Champagne has to be one of the classiest gifts you can give. And it’s not so bad being on the receiving end of a bottle either. There’s little better than the sound of a popping champagne cork, and the fizz of those bubbles as they splash into the glass. But if you don’t have plans to devour the bottle right away, you may be wondering, how long does champagne last?
You may be forgiven for thinking that champagne is rather like a fine wine, many of which are good to stay in the bottle for a fair few years, or even decades. But the fact is that champagne tends to have a shorter lifespan than fine wine. This is why it’s important to know the answer to the question, how long can you keep champagne, because the last thing you want is to let your lovely bottle go to waste.
How long does champagne last opened?
Once you’ve opened your bottle of champagne, it has a shelf life of about three to five days, even when you stash it in the fridge with a champagne stopper securely clamped in it, which is the best advice for keeping the fizz in for as long as possible.
After that, come what may, it’s going to go flat, and the flavours and aromas will have faded. And the old spoon in the bottle trick? It doesn’t work. Sorry.
How long does unopened champagne last?
The key question to start with is whether your champagne is vintage or non-vintage. This can directly affect how long you’ll get away with storing it unopened.
Vintage champagne is made from grapes from a single year, whilst non-vintage champagne uses grapes harvested over a number of different years. Non-vintage champagne is aged in the bottle for 18 months, whilst vintages are bottle aged for three years.
Generally, vintage champagne is considered higher quality than non-vintage. If you’re not sure what you’ve got, check the label to see if it displays a year. If it does, that’s the year the grapes used to make it were grown and harvested. If there’s no date, it’s likely to be non-vintage.
On the whole, vintage champagnes will have a longer shelf life than non-vintage. For vintage, you’re looking at around five to ten years. And for non-vintage, it’s going to be around three to four years.
You may come across some vintages though that are designed to be bottle aged over a few years before being opened. These are the ones that will last that bit longer than our quoted times. It’s unlikely you’ll find any advice on ageing on the bottle though, so it’s worth checking with your merchant if you’re specifically looking for a bottle of champagne that will stand the test of time.
Does champagne improve with age?
When thinking about how long does champagne last, it’s interesting to know that there are some exceptional vintage champagnes that will improve with age. The general consensus is that non-vintage bottles won’t, although there have been exceptions to the rule.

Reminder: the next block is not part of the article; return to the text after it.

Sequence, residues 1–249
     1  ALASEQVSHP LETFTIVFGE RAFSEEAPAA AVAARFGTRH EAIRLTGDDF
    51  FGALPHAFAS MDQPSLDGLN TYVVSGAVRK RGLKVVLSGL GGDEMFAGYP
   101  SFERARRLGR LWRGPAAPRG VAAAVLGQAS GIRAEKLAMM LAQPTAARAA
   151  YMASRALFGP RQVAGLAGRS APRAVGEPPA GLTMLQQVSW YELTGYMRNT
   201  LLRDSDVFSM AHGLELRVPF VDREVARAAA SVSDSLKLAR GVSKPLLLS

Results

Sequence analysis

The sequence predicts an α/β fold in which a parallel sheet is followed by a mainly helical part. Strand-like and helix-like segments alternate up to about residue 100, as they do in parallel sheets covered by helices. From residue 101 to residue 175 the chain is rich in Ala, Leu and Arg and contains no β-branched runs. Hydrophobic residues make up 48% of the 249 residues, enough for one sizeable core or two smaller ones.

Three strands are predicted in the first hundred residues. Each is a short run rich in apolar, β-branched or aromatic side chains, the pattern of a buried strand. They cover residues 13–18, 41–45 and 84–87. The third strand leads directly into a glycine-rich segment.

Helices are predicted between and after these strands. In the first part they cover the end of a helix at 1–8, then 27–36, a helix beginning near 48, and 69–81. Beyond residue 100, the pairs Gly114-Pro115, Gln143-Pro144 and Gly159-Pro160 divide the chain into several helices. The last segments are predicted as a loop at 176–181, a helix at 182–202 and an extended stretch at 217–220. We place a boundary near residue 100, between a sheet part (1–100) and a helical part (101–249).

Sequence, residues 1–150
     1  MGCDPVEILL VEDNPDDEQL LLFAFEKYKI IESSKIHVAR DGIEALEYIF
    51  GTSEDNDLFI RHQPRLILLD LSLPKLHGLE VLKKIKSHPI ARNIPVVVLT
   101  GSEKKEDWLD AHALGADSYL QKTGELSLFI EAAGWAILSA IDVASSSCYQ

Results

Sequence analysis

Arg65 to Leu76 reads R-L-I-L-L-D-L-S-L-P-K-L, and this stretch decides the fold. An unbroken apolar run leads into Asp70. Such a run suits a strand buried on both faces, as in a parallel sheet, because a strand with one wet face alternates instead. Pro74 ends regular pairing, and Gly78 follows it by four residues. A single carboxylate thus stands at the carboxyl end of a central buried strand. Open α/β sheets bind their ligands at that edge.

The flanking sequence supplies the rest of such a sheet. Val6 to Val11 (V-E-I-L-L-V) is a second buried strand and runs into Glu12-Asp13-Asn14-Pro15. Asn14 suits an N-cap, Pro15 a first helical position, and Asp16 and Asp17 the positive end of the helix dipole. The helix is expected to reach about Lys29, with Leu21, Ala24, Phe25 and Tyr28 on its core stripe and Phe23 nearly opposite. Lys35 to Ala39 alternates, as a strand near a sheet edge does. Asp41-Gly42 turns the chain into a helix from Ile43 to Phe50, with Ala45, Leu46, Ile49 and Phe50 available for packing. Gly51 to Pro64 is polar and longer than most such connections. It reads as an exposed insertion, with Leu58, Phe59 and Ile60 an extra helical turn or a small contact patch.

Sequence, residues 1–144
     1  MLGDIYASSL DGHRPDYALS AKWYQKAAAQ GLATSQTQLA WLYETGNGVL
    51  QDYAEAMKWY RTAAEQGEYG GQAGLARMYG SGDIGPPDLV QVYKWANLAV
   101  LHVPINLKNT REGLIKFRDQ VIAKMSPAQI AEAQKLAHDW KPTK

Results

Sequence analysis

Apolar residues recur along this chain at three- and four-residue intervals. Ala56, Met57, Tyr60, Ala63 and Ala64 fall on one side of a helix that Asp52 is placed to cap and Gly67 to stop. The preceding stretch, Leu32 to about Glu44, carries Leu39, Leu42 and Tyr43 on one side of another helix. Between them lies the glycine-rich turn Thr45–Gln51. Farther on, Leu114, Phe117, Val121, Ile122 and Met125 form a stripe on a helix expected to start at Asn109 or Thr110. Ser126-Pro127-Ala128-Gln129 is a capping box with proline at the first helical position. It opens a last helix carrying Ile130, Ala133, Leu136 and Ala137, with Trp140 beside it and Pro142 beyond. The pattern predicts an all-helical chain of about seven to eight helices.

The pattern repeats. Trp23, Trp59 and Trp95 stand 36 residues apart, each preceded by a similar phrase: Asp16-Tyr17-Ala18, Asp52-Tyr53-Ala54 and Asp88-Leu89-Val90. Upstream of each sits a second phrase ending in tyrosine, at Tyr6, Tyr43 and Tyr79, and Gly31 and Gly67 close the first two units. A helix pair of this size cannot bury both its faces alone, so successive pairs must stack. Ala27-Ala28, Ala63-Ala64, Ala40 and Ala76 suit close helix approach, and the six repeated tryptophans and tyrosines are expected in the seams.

Vintages tend to age better because they are made with ageing in mind. Because the grapes come from a single year’s harvest, the winemaker has better control and is able to produce a champagne with the ability to develop appealing characteristics over time.
There are various champagnes with vintages produced specifically to age beautifully. Some are even reckoned to actually need storing for a few years before they reach their peak. At this point, they’ll usually have lost some of their fizz, but in place of the lack of CO2 they’ll develop fruity, toasty or nutty flavours, as well as a deeper colour. So you never know, if you choose the right vintage, you may end up with something that’s so delicious, it was well worth the wait.
Another interesting factor is the bottle. Standard champagne bottles are good for storing vintages, but it’s said that magnums are better for releasing the very best flavours. It’s all to do with the larger surface area of the magnum, which allows more contact between the yeast on the inside of the bottle and the wine itself, creating more fizz.
How to tell if champagne is off?
In all honesty, it can be tricky to tell whether your unopened bottle of champagne is good to drink, or is destined for the sink. A damaged or mouldy cork might give you a clue, but if the champagne has been stored properly, it’s not something you’ll see too often.
Once you’ve opened the bottle though, the tell-tale signs will be all too obvious, ranging from a damp ‘off’ odour, to a lack of fizz, and a sour, flat flavour. So, be sure to know in your mind how long does unopened champagne last if you want to avoid the devastating scenario of pouring your bottle down the drain rather than into your eagerly awaiting champagne flutes.
How to store unopened champagne?
If you want to extend the lifespan of your champagne, it’s vital to store it correctly.
Whatever you do, don’t store it in the fridge. Chilling is recommended only 30-45 minutes before you’re due to drink it, so be sure to keep your bottle in a cool, dark place until you’re ready to indulge. The recommended temperature range is 7-10 degrees Celsius.
Maintaining a constant temperature is recommended too. So avoid the likes of kitchens or sheds that are prone to fluctuations and extremes of temperature.
Also, be sure to keep the bottle away from anything that will vibrate it, such as appliances. Utility rooms are generally no-go areas for champagne storage.
If you’re planning on drinking your champagne within around a month, you’re good to store it upright. Anything longer than that and you’re better storing the bottle on its side to prevent the cork from drying out.
Now you know the answer to the question, how long does champagne last, we hope you’ve got the intel you need to choose the ideal champagne gift.
The Oddbins range of champagne and sparkling wines is sure to have just what you’re after. Not sure? Our team is on hand to help you make the perfect choice. Contact us via Live Chat, e-mail or by calling 0800 328 23 23.